Nutritional Outlook

Nutritional Outlook, April 2018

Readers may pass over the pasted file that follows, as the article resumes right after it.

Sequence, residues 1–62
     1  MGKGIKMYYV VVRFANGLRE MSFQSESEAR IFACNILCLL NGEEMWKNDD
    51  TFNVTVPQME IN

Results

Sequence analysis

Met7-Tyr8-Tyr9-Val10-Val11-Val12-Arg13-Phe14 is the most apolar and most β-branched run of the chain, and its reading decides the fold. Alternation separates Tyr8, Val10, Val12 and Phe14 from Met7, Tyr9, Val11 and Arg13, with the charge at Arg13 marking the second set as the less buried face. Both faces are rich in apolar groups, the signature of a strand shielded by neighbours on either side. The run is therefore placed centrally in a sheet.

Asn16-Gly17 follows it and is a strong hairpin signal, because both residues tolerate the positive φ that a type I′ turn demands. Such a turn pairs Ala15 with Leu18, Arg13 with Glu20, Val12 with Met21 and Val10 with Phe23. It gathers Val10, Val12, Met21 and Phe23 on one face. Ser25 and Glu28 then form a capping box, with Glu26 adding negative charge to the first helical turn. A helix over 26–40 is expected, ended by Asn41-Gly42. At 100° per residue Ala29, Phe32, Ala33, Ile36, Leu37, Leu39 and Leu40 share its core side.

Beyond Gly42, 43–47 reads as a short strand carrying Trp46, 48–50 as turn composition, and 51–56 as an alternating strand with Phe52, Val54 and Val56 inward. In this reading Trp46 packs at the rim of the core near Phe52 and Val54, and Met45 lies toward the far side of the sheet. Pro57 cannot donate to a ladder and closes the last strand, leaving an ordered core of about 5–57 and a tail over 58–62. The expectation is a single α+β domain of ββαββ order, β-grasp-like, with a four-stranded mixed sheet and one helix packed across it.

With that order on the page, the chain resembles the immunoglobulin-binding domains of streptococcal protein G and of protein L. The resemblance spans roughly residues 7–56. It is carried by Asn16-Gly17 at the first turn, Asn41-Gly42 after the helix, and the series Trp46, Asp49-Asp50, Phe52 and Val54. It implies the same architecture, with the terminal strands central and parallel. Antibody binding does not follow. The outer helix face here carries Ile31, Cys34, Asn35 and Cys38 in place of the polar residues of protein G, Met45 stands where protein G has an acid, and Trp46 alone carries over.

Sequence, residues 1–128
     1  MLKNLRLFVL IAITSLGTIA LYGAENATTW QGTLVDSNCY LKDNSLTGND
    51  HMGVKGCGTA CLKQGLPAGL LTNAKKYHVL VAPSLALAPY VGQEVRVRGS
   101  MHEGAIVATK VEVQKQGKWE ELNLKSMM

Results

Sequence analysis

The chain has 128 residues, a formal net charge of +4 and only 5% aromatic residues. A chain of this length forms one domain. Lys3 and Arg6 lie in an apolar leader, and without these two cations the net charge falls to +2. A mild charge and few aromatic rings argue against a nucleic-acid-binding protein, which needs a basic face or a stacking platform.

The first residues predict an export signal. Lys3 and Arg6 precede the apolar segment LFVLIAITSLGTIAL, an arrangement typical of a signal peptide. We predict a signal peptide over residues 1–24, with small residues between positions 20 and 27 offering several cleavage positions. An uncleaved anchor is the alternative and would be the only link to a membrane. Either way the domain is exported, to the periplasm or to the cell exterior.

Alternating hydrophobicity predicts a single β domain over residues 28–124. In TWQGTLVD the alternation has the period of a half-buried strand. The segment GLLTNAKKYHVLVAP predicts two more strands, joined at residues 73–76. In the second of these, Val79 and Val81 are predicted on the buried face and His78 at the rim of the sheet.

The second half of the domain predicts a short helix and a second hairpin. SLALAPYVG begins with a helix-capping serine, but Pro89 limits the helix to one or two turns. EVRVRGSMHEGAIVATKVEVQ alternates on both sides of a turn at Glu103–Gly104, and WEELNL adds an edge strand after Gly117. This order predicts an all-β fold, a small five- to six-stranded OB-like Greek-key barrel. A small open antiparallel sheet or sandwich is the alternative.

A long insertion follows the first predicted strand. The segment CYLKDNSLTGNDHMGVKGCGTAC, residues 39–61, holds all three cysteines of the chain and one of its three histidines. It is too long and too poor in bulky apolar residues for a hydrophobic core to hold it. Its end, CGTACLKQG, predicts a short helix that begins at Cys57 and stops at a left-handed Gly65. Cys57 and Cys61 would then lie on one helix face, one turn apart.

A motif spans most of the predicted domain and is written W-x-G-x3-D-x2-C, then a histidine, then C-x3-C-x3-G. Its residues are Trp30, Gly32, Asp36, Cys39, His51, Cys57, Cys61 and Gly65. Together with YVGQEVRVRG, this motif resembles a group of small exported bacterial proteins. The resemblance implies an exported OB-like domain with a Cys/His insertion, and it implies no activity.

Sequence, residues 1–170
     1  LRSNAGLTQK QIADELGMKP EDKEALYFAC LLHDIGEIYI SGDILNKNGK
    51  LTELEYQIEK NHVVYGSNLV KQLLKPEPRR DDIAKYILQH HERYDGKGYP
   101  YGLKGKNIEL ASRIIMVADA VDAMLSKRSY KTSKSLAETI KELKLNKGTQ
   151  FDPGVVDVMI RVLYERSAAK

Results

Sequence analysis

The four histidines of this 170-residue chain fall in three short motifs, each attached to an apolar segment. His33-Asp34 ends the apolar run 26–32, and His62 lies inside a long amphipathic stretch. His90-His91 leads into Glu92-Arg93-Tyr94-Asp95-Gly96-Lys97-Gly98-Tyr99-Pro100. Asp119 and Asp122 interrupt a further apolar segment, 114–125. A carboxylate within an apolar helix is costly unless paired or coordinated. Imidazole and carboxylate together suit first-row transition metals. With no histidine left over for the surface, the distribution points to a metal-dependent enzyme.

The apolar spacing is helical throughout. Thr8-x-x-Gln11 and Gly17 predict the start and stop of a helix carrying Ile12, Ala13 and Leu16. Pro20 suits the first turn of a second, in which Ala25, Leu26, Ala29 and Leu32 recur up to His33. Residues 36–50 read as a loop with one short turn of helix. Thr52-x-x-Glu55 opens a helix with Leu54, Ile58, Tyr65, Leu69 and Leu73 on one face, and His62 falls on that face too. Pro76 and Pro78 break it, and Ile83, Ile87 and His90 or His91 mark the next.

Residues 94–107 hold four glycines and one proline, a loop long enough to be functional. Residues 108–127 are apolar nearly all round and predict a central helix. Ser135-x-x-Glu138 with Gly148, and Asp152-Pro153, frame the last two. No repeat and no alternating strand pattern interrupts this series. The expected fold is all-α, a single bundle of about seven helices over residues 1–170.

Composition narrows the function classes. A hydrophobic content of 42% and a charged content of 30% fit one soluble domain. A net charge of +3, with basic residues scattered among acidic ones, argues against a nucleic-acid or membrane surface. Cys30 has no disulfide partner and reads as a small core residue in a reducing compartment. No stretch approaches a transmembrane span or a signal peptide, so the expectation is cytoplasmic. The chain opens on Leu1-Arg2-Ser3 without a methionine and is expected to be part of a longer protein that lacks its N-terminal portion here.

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■ NUTRITIONAL OUTLOOK 20 APRIL 2018 Sports Drinks Trend #2: Clean Labels, Single-Ingredient Formulations: Transparency Becomes a Priority Consumer trust in sports drinks brands is now hinging on transparency, with more and more consumers expecting a clean-label ap- proach from sports drinks manufacturers. McCormack says that one major priority— and a challenge in the beverage industry— involves understanding what consumers perceive "clean label" to be: "We're trying to better understand the consumer perception of 'clean label.' A colleague of mine spoke at a conference in Wisconsin late last year about formulating dairy protein beverages. We represent the f avor industry, but the stabi- lizer industry is seeing challenges right now because consumers perceive carrageenan as having negative connotations." Synergy Flavors Nutrition Applications Technologist Rachel Dannemeyer says that moving toward a clean-label approach has resulted in changes to the formulations that sports drinks manufacturers are using. Says Dannemeyer, "We're seeing botanical ingre- dients gaining a lot of traction. Consumers want the functional benef ts of botanicals, but with a clean-label approach." T is emphasis on transparency is also manifesting as a push toward single-ingredi- ent and single-function products. But Lovett says the single-ingredient focus isn't just con- f ned to sports drinks. "We're starting to see more 5-Hour Energy–type products coming out," Lovett says. "But most of these energy shots [that have traditionally occupied the market] have had a whole slew of dif erent ingredients. T e trend is now moving toward products with only one or two ingredients, and they're geared toward a specif c benef t, like concentration." Trend #3: Kombucha and Probiotics Have Reached the East Coast While not traditionally seen as a sports drink, experts say kombucha is well positioned to enter the sports market—and several com- panies are already marketing kombucha as a sports nutrition supplement. Lovett says that kombucha is naturally well positioned to enter the sports drinks market thanks to its various functional benef t claims. She states, "Kombucha is becoming more of a trend on the East Coast. A lot of what gets put out on the West Coast is cutting-edge, and the East Coast follows. I do think there's a place for kombucha in the sports market because it's about detox and it's full of pre- and probiotics." Tonkin says that probiotic sports drinks are an emerging market in the United States that may hold promise, but cautions that the science around probiotics is still evolving. Says Tonkin: "In a lot of Asian and European countries, starting your day with a probiotic load is quite common. Kombucha and probiotics are growing in popularity in the United States," but he cau- tions consumers not to accept marketing claims at face value. For instance, Tonkin asks, "How do we know that 3 billion CFUs of a single strain of probiotic is right for us?" In his opinion, probiotic sports drinks will likely require more vetting and study as the niche continues to grow. Trend #4: Amino Acids and RTDs: A Good Match? Amino acid workout beverages aren't new to the United States, but traditionally, they haven't had much of a presence in the RTD space. Now, though, that trend appears to be changing. McCormack says that amino acid RTDs are starting to see growth: "Cellucor C4 is a well-known pre-workout product that has amino acids, and they recently launched an RTD version. I think you'll see those products coming out in RTD format because it's more convenient." Lovett says that Kyowa Hakko already sells an amino acid drink, and the ingredient supplier is starting to see more amino acids as part of RTD sports drinks formulations. "We have a lot of sports nutrition compa- nies coming to us because our amino acids are made through fermentation rather than chemical synthesis," Lovett says. "So yes, RTD amino acid sports drinks is def nitely a grow- ing area." Two such drinks, Vitamin Well's VW+ 001 and its sugar-free cousin VW+ 002, combine electrolytes and vitamins with Kyowa Hakko's branded L-alanyl-L-gluta- mine ingredient Sustamine to provide ath- letes with an added energy boost during workouts, reduce muscle breakdown, and improve recovery time. Trend #5: Product Categories Continue to Blur T e def nition of sports drink is still undergo- ing an evolution as the category boundaries continue to shift and blur. Data provided to Nutritional Outlook by Innova Market Insights indicate that sports nutrition products are now entering the mainstream, where products typically seen as sports drinks are taking on mass-market appeal. T ese "active nutrition" drinks are now incorporating performance- oriented ingredients and making specif c func- tional claims that are designed to appeal to a larger market. Tonkin says that the personal nutrition market is a growing segment, with powdered products seeing growth. "T ere's a trend in the United States around personal nutri- tion," he says. "People are taking charge of what goes into their bodies and how it gets there. I think that's interesting, and it's get- ting people to think about what they want to drink and how they want to drink it. So, if you like almond milk and you want to add some additional protein, you can open up a stick pack of protein and add it to your morning smoothie." Tonkin says this shifting of categories is resulting in a variety of hybrid and crossover sports products that combine functions: "T ere's a new generation of sports drinks that are taking over. T ey don't call them- selves sports beverages, but they can be used in the same crossover fashion. T e sports nu- trition space is morphing from the original players that called themselves sports drinks, like Gatorade and Powerade," he says. Trend #6: Changing Consumer Demands Infl uence Marketing Strategies T e development of a healthier kind of sports drink means brands will have to start mar- keting their beverages in unique new ways. Tonkin says more sports drinks brands are emphasizing clinical trials in their marketing assets to meet consumer demand for trans- parency in advertising. "A lot of companies will say, 'I know these three ingredients work individually, so if I put them together I have an exponentially better beverage.' But unless you do a clinical trial on the f nished product, you can't prove that three is better than one. Consumers want to